Monday, August 18, 2014

Recently finished

Over the weekend, John and I took a road trip to Ely to pick up the boys from their respective Y camps. On the drive, we listened to Lethal People by John Locke (the New York Times-bestselling author, not the 17th century English philosopher or the Lost character named after the English philosopher). Mr. Bibliotonic happened to have the audio file on his phone, probably to keep him company on walk/runs, and since my car stereo is bluetooth-enabled, we were able to listen to the book on his phone through my car stereo. Brave new world, indeed!

Aside from the technological marvels, Mr. B and I don't even remotely read the same books. So I was pleasantly surprised by this thriller. As I was logging our progress on Goodreads, I glanced upon the most recent review, which indicated a crazy statistic about the book: the first self-published e-book to hit #1 on Amazon, and the first self-published author to sell a million copies on Amazon. Wow! These statistics wouldn't drive me to pick up the book, but I find them intriguing after the fact.

The novel stars Donovan Creed, a former CIA assassin, who now kills terrorists for Homeland Security with odd jobs in between contracts. This story was filled with outrageous characters, including a midget and circus clowns, and laugh-out-loud situations, many of which were inappropriate for our children. But what the hey?! I would listen to more of these.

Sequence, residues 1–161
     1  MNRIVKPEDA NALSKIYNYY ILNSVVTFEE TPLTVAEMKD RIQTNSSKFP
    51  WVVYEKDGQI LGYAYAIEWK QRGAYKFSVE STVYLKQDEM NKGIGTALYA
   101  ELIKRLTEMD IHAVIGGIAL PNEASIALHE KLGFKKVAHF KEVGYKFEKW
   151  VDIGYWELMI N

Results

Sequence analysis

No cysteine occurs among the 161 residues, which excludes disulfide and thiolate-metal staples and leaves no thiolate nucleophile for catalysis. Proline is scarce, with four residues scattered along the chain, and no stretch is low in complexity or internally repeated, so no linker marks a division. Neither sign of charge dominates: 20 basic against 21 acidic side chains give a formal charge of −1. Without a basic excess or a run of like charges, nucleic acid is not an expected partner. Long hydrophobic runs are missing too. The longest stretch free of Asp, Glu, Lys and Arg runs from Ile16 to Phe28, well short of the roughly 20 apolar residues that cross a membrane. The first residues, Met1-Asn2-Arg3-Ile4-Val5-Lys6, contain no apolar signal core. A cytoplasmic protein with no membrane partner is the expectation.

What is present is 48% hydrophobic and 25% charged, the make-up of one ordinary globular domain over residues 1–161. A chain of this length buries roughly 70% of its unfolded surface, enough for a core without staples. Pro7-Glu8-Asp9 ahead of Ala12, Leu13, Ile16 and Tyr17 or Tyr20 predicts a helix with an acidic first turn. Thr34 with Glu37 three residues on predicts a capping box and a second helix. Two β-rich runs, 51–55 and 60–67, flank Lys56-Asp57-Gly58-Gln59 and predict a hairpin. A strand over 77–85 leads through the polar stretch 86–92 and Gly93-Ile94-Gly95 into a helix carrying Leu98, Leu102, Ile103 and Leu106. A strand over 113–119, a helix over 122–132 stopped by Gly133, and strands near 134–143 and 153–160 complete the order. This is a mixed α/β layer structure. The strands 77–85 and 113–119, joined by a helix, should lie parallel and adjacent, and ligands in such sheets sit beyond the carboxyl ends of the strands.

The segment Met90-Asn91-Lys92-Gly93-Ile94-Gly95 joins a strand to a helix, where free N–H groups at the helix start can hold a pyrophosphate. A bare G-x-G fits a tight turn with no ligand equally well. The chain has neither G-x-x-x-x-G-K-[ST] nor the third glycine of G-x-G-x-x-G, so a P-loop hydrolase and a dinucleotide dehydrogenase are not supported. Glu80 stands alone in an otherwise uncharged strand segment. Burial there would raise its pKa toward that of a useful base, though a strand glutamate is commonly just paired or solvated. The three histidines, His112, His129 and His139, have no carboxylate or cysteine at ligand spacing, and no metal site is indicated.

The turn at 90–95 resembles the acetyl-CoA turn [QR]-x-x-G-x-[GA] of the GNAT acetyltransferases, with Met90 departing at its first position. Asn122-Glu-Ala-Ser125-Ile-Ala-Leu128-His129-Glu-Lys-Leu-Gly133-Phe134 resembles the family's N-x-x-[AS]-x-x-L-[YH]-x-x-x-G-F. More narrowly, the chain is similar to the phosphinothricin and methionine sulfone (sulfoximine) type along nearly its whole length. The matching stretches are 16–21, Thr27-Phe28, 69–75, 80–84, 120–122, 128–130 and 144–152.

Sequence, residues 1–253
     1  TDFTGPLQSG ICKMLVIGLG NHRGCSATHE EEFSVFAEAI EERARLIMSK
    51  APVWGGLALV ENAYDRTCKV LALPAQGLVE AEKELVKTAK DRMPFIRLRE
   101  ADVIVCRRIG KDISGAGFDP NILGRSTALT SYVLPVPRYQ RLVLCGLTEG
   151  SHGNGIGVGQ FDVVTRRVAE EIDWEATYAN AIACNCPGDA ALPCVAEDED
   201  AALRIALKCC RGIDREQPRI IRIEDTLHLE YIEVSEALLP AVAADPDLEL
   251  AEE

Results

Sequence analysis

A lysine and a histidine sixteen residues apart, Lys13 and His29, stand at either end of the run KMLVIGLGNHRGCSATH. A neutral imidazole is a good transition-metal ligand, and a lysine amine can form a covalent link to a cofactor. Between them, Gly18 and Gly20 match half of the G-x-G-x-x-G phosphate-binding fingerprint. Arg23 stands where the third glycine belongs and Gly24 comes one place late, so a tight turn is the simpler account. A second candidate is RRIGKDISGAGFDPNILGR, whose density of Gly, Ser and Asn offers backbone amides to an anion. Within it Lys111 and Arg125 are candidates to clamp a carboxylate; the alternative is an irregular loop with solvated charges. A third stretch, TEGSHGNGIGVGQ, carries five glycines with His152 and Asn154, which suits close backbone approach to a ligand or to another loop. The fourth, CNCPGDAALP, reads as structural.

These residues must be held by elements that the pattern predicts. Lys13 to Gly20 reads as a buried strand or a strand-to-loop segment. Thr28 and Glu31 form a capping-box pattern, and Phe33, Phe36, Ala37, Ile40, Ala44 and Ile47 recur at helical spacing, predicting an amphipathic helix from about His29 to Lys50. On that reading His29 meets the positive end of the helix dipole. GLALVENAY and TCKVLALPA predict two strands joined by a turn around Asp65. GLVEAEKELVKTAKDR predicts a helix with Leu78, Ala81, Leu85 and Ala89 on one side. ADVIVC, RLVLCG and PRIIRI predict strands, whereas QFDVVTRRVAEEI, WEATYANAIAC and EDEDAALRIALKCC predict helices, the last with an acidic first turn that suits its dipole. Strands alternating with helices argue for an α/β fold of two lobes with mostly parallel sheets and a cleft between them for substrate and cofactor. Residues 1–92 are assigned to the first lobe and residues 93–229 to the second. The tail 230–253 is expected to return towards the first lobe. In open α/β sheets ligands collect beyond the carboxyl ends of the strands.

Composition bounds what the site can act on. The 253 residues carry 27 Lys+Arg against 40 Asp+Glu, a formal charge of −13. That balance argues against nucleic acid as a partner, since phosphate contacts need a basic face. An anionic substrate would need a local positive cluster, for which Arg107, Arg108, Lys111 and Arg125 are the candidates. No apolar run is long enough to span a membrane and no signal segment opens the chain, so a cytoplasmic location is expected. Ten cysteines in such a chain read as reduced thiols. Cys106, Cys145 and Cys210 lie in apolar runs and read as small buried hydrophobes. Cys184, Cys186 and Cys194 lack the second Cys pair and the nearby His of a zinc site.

Over the weekend, I also finished My Salinger Year by Joanna Rakoff, which I had started on our UK vacation earlier in the summer, but only got a little way into before the electronic library loan ended. Initially I had checked out the book because it was available. As I started reading it, I found I enjoyed Rakoff's voice. And, I made a strong connection to the author's experience in publishing, which brought on a nostalgia for working in the industry that formed my early adult professional (and personal) life. The Salinger angle amuses me but I think any cult author in which I had a passing interest would. I liked Catcher in the Rye and many of his stories, but don't have a fangirl love for Salinger, and neither did Rakoff, which endeared me to her.

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